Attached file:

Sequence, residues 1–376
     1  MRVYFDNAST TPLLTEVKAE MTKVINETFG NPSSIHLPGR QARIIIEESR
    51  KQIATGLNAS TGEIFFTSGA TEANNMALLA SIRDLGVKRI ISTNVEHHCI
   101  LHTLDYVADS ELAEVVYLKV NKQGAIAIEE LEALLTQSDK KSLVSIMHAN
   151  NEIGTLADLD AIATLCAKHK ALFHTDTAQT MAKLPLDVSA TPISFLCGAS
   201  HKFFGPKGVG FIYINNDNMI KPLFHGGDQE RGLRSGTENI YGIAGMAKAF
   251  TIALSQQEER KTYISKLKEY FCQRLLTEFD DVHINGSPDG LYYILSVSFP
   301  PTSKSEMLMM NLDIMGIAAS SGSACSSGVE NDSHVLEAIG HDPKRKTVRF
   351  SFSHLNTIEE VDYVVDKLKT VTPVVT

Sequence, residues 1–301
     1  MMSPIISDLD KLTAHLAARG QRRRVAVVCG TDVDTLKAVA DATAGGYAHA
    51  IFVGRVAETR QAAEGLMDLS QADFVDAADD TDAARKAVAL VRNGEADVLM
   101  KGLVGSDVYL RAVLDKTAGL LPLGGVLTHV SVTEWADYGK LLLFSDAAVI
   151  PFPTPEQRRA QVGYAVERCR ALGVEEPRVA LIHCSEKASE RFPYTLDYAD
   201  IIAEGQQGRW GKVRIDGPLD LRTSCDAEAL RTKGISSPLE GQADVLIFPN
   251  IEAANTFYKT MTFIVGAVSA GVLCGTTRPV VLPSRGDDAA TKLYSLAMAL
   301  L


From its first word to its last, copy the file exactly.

Sequence, residues 1–376
     1  MRVYFDNAST TPLLTEVKAE MTKVINETFG NPSSIHLPGR QARIIIEESR
    51  KQIATGLNAS TGEIFFTSGA TEANNMALLA SIRDLGVKRI ISTNVEHHCI
   101  LHTLDYVADS ELAEVVYLKV NKQGAIAIEE LEALLTQSDK KSLVSIMHAN
   151  NEIGTLADLD AIATLCAKHK ALFHTDTAQT MAKLPLDVSA TPISFLCGAS
   201  HKFFGPKGVG FIYINNDNMI KPLFHGGDQE RGLRSGTENI YGIAGMAKAF
   251  TIALSQQEER KTYISKLKEY FCQRLLTEFD DVHINGSPDG LYYILSVSFP
   301  PTSKSEMLMM NLDIMGIAAS SGSACSSGVE NDSHVLEAIG HDPKRKTVRF
   351  SFSHLNTIEE VDYVVDKLKT VTPVVT

Sequence, residues 1–301
     1  MMSPIISDLD KLTAHLAARG QRRRVAVVCG TDVDTLKAVA DATAGGYAHA
    51  IFVGRVAETR QAAEGLMDLS QADFVDAADD TDAARKAVAL VRNGEADVLM
   101  KGLVGSDVYL RAVLDKTAGL LPLGGVLTHV SVTEWADYGK LLLFSDAAVI
   151  PFPTPEQRRA QVGYAVERCR ALGVEEPRVA LIHCSEKASE RFPYTLDYAD
   201  IIAEGQQGRW GKVRIDGPLD LRTSCDAEAL RTKGISSPLE GQADVLIFPN
   251  IEAANTFYKT MTFIVGAVSA GVLCGTTRPV VLPSRGDDAA TKLYSLAMAL
   301  L